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More than $1 billion in development projects are underway in the City of Poughkeepsie.

And, Mayor Rob Rolison said, many of the projects will improve the quality of life for city residents.

A $10 million project is expected to transform a set of vacant buildings into a fresh food market.

Mixed-use residential projects are aimed to attract people back to the city and boost the economy.

Community members have been invited to suggest how a former YMCA building can return to public use.

“We have to remember growth for the sake of growth is never a good thing,” Rolison said. “Smart growth and good growth, as it works in conjunction with what we want the city to be, is the way to do it.”

As the city looks forward to the next year, Rolison said promoting such development is crucial to continuing to boost an economic picture which he said has stabilized.

Though the city continues to face challenges, including a budget deficit of roughly $11 million and hundreds of vacant buildings, Rolison is confident in the city’s direction.

Hours before delivering his State of the City address Thursday, Rolison said the city has been able to increase its development and attract new jobs to the region while “at the same time recognizing the basic responsibilities of city government when it comes to the people that live here.”

However, members of the city’s Common Council are torn on the progress the city has made. While 5th Ward representative Yvonne Flowers said she is “optimistic” about where the city is headed,” Council-Member-At-Large Ann Finney cautioned the city still faces steep challenges.

“Lets not lose sight of how complicated they are,” she said. “Yes, the city is more stable than it was but we still have problems that require more than raising taxes.”

Rolison credited Poughkeepsie’s development to the efforts of its planning board and partnerships with other organizations, including the county. He noted, when he took office in 2016, the city did not have a planning department. Now, he said, the downtown corridor is a hub of growth.

“Like so many communities across this country, downtowns became more desolate as suburban life took on a whole new energy,” Rolison said. “Now it’s the other way around. They are coming back to the city. So how do we accommodate that?”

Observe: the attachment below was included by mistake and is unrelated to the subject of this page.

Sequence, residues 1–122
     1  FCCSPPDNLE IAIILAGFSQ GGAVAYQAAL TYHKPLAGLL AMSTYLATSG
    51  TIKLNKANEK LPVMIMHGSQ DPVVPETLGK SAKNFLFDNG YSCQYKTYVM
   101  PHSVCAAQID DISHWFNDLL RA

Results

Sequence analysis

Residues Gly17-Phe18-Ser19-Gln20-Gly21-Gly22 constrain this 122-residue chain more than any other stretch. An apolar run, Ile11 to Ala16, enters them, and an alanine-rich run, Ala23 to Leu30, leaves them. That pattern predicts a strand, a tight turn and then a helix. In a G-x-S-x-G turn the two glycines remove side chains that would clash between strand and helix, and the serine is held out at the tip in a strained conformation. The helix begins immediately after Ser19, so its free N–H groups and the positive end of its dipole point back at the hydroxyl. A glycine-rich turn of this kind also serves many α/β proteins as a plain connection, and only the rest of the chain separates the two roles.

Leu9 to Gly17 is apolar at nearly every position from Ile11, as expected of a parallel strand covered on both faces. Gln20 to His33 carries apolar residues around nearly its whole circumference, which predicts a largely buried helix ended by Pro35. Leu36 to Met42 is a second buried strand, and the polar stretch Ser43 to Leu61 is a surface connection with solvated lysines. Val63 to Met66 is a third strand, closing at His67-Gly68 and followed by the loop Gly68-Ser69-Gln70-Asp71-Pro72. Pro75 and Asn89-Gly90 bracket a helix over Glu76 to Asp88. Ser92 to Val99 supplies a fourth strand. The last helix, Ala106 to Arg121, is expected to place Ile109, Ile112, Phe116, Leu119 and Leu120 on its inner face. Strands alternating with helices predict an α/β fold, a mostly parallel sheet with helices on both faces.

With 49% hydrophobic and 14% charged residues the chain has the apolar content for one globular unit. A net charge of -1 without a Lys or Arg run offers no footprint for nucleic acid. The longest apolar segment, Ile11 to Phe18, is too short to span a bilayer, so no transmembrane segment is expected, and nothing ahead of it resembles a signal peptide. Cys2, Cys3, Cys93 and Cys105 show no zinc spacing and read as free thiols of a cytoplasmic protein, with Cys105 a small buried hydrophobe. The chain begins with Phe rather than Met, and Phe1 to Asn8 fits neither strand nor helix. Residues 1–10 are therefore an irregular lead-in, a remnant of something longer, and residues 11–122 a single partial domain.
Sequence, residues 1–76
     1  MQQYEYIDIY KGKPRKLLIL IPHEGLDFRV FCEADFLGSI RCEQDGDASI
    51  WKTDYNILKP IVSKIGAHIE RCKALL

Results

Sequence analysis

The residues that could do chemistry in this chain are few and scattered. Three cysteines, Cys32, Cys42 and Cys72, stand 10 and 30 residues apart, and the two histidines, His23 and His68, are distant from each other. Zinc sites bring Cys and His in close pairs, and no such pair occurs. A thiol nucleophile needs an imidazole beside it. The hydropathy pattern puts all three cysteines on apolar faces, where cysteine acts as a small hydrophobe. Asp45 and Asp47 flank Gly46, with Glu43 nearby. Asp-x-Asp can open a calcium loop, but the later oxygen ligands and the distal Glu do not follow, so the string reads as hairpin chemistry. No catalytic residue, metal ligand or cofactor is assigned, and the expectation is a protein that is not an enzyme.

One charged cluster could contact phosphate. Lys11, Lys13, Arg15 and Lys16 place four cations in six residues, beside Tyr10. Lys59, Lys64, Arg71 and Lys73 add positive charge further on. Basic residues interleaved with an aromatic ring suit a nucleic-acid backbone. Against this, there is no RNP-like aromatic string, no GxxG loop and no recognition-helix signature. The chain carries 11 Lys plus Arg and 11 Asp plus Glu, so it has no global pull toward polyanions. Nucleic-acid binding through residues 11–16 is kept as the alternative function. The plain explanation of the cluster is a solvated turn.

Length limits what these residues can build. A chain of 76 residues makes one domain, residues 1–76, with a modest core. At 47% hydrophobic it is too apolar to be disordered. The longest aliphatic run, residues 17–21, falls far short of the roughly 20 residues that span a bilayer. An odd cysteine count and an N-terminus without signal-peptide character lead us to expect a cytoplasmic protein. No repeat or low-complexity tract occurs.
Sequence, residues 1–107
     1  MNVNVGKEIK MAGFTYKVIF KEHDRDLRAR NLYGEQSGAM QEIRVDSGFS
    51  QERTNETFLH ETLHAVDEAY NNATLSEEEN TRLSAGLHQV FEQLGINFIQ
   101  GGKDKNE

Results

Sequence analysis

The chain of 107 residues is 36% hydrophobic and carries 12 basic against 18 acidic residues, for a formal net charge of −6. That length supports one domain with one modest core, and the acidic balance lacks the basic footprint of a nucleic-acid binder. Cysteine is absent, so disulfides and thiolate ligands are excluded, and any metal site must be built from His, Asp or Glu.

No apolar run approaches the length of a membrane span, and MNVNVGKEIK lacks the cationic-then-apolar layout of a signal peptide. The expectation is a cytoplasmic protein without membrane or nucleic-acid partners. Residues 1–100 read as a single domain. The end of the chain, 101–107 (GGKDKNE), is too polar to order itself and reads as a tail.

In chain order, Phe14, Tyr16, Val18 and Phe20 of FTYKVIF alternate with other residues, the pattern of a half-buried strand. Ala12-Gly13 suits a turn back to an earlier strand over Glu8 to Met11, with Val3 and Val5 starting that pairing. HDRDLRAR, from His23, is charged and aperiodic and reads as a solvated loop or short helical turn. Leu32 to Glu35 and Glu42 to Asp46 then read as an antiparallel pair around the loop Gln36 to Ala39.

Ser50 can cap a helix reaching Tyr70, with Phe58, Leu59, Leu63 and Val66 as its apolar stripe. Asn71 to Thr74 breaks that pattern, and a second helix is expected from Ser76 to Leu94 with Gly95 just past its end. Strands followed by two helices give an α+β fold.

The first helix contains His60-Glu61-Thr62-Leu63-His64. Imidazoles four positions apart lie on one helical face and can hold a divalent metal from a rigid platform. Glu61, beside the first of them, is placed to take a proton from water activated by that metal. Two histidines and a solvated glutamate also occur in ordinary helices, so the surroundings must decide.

In February, the Common Council approved updates to the city’s zoning code for downtown to create what is known as the Innovation District. The zoning includes the “historic core” of Main Street; the “creative edge” of Church Street in the south and Mill Street a few blocks farther north; the “urban village” encompassing Cannon, Academy and Hamilton streets; and the “civic corridor” stretching up and down Market Street.


A number of projects have already been completed or are ongoing:

► The Hive: A $10M development at 33 and 35 Academy Street, which will create a fresh food market, a food hall, a craft brewery, apartments and more. It is in the beginning stages and is scheduled to open sometime in 2020.

► 40 Cannon Street: The multi-purpose development features apartments, King’s Court craft brewery and 1915 Wine Cellar, a coffee shop and an art gallery.

► Queen City Lofts: The apartment complex at 176 to 182 Main St. includes 50 one- and two-bedroom apartments reserved for income-eligible artists, and another 19 units open to anyone who earns the median Dutchess County income or less.

► Crannell Square project: A proposed project at the corner of Mill and Catharine streets would create a mixed-income residential development.

► One Dutchess apartments: A development on the former Dutton lumber yard on the city’s Hudson River shore calls for the 300 new apartments, commercial space, apartments and a public trail.

► Former YMCA building: The city obtained the former YMCA building on Montgomery Street that has been vacant since 2009. They are seeking ideas for future development.

► Trolley Barn: The historic building on Main Street turned art installation received $1 million for rehabilitation.

Rolison in his speech was poised to also caution against measuring “success solely by the number of cranes in the air,” noting the city “will engage in solution-minded conversations about the risks that accompany development booms.”

Rolison noted the arterials “severed neighborhoods,” and development “of the Main Mall that turned a part of Main Street into a desolate area.”

Finney said a stronger dialogue between the city administration and Common Council about projects concerning the city is needed.

“This administration has inherited a number of flawed real-estate proposals, particularly along the riverfront and park projects, that require a lot of thought as to what’s best now for the city while protecting everyone’s rights and preserving the upside for the whole community,” she said. “Those projects have been dragging.”

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